This photo shows a small enclosure, almost a primitive attempt at a 'beaver deceiver', which marks the entrance to a culvert that goes under the drive. The beavers never tried to block this culvert, so far as I am aware, but raised water levels from the dams downstream made this unnecessary.

The right of the two clear blue blobs marks this on the Google map.








The culvert's outlet is marked by the hole in the ice nearest the camera. There is another hole some yards on and the clear water beyond the felled birch tree marks the beginning of a deeply dug ditch with embankments. The left of the two clear blue blobs marks the emerging place of the culvert.




This is the top dam of that big ditch. A notch has been made in the middle of the dam and the water level has been considerably reduced. Should this be the place for a pond levelling pipe and cage to be installed?




The east side of the dam runs along the bank of the embanked ditch. You may be able to make out the notched bit of the dam that appeared in the previous photo.








A flight of small dams controls the water as it runs south along the ditch.




A small dam filters the water where the embankment has ceased.



The old stone culvert was intact, though somewhat silted, and lengths of plastic pipe were inserted at the inlet and outlet last summer.




This photo shows the line of the embanked ditch. The Google image shows it too if you look for it.


This is our first big attempt at mitigating the impact of beavers. It will be interesting to see how it goes.

In this situation the combination of wet weather through the summers of 2011, 2012, wet winters in both those years, coupled with timber operations, and the work of the beavers have brought about a situation that we need to manage. 






Saturday, 2 February 2013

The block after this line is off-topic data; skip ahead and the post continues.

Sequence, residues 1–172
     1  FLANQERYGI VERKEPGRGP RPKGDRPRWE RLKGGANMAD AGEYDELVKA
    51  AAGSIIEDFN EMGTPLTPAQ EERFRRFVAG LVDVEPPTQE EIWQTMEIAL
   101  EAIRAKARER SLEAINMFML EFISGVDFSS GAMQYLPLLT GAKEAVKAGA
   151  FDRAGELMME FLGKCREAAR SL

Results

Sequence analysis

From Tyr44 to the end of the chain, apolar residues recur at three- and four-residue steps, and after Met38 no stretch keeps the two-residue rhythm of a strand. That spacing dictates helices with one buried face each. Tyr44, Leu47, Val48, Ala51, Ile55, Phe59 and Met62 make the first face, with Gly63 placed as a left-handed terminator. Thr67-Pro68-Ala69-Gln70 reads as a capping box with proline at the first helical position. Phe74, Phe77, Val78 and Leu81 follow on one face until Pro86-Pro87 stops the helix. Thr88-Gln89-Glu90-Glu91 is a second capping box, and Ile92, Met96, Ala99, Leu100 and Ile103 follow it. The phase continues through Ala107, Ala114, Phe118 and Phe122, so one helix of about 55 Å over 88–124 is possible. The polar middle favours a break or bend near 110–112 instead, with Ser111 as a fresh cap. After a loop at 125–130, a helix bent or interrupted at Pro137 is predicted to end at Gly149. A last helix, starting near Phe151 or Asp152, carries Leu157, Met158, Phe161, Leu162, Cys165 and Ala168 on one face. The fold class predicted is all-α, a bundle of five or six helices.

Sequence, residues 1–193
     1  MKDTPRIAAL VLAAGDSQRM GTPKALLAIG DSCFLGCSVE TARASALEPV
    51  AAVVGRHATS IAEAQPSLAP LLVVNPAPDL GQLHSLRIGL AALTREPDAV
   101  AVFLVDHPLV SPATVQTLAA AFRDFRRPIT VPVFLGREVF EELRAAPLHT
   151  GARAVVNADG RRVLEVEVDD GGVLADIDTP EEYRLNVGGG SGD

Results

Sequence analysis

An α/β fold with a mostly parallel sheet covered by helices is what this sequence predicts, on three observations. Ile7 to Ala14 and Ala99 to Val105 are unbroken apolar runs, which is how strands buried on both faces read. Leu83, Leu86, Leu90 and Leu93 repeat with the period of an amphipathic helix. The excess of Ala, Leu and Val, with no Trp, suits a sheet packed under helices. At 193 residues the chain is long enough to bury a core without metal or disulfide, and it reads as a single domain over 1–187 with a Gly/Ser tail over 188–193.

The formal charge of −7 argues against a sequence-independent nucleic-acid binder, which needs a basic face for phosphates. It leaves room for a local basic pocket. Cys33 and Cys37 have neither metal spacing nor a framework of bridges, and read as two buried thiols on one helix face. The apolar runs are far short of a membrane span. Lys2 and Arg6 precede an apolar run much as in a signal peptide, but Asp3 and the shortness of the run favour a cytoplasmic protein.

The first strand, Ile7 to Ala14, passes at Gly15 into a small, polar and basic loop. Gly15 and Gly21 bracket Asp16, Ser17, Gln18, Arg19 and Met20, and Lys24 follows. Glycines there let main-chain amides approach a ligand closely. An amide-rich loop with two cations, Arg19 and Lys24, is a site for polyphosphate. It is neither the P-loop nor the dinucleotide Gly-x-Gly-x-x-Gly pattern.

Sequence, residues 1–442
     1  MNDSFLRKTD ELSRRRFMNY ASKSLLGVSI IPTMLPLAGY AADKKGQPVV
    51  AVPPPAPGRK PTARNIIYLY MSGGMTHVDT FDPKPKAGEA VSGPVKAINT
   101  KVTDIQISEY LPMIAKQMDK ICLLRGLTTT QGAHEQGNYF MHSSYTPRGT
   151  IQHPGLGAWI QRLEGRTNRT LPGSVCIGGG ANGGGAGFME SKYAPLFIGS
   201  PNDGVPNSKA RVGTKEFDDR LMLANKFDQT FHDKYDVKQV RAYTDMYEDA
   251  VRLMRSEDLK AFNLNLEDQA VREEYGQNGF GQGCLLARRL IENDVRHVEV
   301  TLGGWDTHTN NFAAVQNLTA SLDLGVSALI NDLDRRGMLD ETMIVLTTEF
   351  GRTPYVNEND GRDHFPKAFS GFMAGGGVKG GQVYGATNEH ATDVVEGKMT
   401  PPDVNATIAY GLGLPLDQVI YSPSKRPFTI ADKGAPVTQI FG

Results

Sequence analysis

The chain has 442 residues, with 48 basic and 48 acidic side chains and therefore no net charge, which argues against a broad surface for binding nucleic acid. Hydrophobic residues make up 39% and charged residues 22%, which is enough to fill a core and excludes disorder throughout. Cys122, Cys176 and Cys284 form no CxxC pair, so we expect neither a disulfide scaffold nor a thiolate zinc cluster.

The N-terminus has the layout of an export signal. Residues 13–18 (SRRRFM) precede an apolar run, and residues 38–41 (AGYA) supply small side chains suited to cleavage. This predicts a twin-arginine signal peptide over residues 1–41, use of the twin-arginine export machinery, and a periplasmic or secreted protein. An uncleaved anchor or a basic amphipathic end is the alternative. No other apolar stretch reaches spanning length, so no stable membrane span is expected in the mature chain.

Forests and Sea Lions

The interview in the current 'New Scientist' of Dekila Chungyalpa, director of the WWF's new Sacred Earth programme (http://www.newscientist.com/article/mg21729020.200-faith-leaders-belong-at-the-forefront-of-conservation.html?) reminded me that the State of the Beaver Conference started with a welcome from the Cow Creek Band of the Umpqua Indians, part of which included a prayer for the success of the conference. 

The reminder that many Indian groups have survived the last hundreds of years of expropriation, even though sometimes without their language as is the case of the Cow Creek Band, was fascinating to us. It was particularly good to learn of this Band's enthusiasm for the restoration of beavers in water conservation and the recovery of salmon in the Pacific North-West. 

We left the conference and stayed a night in Florence, after which we drove along the coast to the cave shown below.




This is a magnificent place, reached by an elevator (though in this case you descend to the cave), where Californian sea lions spend time resting on the rocks or swimming in the surf. The photograph shows a group of females battling with the waves as they rush into the cave. The males swim up to the Arctic at this time of year, we were told. The cave has a tremendous smell of fresh fish.



Our next stop was Newport. We booked in to a hotel and went for a walk along the beach. It was interesting to see the great amount of tree trunks that littered the beach, something that reminded me of  Chris Maser's book 'From the Forest to the Sea—A Story of Fallen Trees' (1988). Compared with many beaches in Scotland there was surprisingly little plastic rubbish.